Derech Hashem – The Way of G-d 2:3:8
There are other ways to succeed overall, too, that are rather extraordinary 1. This touches upon the makeup of the World to Come discussed earlier, the overall rectification of the universe 2, and our people’s interdependence.
The fact is that the World to Come won’t only be comprised of those who earned a place there by themselves: people of a lower spiritual level who depended on the intercedence of a righteous person will also be a part of it 3. The only difference, though, is that such a person would be on a lower level in the World to Come than the righteous person, and would be subservient and dependent upon him 4. So for the most part, the only people who wouldn’t be in the World to Come would be those who neither earned a place there on their own or didn’t depend on the intercedence of the righteous. As such, fewer people than we might have imagined will be in the World to Come.
This principle is rooted in the fact that, as we’ve been taught, all of our people have been bound to each other from the first. As it’s said, “All of Israel are responsible for one another” (Shavuot 39a). Now, this interdependence obviously implies that we can also perhaps harm each other’s spiritual standing 5, but G-d’s mercy is abundant and He allows for more good to come about by this association than harm.
Sadly enough, though, the righteous person who assumes this role would suffer in his life as a consequence. But that would actually enable him to atone for people of his generation 6. Those righteous people would nonetheless have to lovingly accept those tribulations — just as they’d be expected to accept the tribulations due them in their lifetimes because of their own errors — in order to affect this phenomenon. But in the end they would have atoned for their generation and become leaders in the World to Come.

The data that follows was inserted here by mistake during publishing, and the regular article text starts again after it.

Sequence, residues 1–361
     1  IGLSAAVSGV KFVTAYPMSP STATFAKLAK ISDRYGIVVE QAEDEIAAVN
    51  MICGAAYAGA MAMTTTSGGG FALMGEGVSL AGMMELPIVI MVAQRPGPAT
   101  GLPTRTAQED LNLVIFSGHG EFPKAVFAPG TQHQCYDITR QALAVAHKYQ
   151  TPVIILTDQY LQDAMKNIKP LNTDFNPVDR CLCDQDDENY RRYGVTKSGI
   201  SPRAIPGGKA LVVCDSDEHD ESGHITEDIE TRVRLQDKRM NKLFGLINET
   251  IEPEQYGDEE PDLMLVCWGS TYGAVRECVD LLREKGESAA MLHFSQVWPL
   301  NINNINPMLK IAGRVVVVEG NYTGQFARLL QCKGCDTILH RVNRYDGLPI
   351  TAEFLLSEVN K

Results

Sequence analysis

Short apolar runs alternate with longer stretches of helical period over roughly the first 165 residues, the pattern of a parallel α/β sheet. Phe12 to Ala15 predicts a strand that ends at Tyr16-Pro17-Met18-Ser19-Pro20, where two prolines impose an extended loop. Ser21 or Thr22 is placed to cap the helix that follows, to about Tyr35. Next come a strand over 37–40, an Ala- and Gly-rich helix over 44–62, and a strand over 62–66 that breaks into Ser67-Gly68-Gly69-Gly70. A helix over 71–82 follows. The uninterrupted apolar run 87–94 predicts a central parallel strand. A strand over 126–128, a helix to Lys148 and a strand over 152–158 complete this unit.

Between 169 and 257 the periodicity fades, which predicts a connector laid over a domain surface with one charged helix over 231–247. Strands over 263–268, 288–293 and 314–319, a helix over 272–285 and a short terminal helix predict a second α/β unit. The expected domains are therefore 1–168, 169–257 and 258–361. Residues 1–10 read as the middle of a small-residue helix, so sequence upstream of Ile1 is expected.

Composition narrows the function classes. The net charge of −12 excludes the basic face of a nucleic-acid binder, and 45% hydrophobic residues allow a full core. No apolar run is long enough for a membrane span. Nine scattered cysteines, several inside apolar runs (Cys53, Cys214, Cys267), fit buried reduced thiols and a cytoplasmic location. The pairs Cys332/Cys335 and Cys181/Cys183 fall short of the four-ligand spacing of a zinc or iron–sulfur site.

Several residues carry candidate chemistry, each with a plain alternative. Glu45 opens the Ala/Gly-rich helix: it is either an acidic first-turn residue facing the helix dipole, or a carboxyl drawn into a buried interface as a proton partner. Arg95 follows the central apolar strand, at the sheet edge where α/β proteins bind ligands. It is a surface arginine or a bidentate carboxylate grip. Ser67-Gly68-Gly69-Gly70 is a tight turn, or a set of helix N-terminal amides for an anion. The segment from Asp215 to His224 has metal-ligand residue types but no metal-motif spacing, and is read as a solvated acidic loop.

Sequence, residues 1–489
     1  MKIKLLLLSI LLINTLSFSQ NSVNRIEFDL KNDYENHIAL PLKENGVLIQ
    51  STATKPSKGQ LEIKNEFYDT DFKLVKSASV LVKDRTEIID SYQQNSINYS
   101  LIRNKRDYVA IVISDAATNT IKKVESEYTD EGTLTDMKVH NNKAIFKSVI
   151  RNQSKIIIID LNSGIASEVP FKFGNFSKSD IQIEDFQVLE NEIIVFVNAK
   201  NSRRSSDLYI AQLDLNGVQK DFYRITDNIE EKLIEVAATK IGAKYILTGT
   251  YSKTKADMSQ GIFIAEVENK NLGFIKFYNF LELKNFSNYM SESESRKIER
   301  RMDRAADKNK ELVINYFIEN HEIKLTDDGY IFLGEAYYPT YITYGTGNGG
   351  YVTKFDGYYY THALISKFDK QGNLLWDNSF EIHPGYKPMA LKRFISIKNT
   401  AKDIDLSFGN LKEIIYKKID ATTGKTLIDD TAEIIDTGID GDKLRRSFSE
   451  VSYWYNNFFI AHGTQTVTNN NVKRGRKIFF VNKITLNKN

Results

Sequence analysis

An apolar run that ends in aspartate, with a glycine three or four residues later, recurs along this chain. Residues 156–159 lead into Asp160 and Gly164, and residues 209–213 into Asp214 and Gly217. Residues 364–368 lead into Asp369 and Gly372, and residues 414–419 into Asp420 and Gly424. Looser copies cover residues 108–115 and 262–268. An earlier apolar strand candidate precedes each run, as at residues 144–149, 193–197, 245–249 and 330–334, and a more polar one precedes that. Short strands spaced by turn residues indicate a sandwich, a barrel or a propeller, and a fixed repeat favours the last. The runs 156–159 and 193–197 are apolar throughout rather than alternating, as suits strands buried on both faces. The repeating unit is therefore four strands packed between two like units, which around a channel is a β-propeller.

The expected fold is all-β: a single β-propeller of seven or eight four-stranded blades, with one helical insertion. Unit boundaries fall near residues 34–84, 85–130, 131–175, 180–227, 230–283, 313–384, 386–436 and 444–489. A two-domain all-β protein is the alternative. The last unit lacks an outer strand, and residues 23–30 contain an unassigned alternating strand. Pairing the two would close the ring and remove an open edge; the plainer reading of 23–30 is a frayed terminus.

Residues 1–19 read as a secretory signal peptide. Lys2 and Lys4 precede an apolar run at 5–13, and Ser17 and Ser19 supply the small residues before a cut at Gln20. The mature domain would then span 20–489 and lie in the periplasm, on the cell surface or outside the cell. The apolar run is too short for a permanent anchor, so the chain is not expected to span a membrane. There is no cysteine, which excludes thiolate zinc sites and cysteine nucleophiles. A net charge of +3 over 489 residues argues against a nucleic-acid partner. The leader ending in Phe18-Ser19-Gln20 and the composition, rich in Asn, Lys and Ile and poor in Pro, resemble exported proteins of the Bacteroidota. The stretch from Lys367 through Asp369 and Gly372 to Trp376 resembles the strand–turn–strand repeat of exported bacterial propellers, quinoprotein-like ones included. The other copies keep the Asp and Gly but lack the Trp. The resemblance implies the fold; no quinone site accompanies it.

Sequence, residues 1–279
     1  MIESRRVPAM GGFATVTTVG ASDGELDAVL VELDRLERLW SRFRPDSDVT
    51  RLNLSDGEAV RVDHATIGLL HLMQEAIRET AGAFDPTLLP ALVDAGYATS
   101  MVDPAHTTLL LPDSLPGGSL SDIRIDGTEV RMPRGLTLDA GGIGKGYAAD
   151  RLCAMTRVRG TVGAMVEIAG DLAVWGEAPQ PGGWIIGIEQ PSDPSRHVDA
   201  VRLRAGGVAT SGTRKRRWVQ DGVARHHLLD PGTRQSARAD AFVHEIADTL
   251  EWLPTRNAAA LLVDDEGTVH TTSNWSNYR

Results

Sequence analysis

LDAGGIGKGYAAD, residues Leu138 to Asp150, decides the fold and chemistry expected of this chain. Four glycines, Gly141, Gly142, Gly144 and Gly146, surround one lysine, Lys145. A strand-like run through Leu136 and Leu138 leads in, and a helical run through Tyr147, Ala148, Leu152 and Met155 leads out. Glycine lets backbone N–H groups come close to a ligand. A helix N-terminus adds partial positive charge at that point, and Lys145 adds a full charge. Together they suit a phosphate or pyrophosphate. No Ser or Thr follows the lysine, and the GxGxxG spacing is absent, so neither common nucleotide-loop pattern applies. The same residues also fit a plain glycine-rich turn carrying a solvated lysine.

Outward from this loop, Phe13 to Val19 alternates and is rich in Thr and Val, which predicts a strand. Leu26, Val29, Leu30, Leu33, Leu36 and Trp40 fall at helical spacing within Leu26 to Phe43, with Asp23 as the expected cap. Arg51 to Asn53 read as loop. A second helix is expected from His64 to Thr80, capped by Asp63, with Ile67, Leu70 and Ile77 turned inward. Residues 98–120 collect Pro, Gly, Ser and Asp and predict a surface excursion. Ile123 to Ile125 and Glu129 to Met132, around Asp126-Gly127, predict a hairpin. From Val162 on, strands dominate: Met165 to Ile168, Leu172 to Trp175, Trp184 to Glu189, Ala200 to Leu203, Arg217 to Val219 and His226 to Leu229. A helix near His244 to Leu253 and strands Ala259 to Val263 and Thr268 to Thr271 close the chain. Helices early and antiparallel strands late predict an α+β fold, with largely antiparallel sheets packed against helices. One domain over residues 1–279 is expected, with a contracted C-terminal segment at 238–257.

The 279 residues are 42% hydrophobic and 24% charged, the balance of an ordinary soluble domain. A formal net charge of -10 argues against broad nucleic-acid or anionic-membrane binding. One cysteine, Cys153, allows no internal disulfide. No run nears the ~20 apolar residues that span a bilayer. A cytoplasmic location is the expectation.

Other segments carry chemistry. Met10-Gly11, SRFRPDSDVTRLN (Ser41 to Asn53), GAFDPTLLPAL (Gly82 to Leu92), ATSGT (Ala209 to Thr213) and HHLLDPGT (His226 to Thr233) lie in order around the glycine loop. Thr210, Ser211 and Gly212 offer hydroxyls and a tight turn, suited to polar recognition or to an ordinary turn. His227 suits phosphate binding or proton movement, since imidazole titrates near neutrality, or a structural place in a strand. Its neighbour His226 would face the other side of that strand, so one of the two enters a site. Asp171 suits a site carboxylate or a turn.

There could be even loftier righteous people than they who could even rescue and benefit those of their generation who deserved to be utterly annihilated were it not for these righteous souls’ own sufferings.
And there can even be a more exalted sort of person whose withstanding even greater trials and tribulations would allow for the chain of events that would help bring on the state of ultimate perfection 7.
At bottom the explanation for all of this 8 is rooted in the fact that from the first there was an unfathomable, esoteric need for that pious individual to suffer in order for him and the world at large to reach perfection. And that’s rooted somehow in the phenomenon discussed before 9 of G-d hiding His light and countenance, and in mankind’s status being exacerbated over and over again by one serious sin after another, which would have brought on an even greater degree of G-d’s hiding His goodness.
In fact, the world would have come to be in such a bad state that G-d’s unfathomable wisdom would have had to bring about very many things to undo all of that harm, which would include all of mankind having to suffer all sorts of travail. But G-d arranged things from the first that a few select righteous and pious individuals could rectify things for the sake of sinful people, which is why these especially laudable individuals would have to endure Heaven’s judgments more so than others.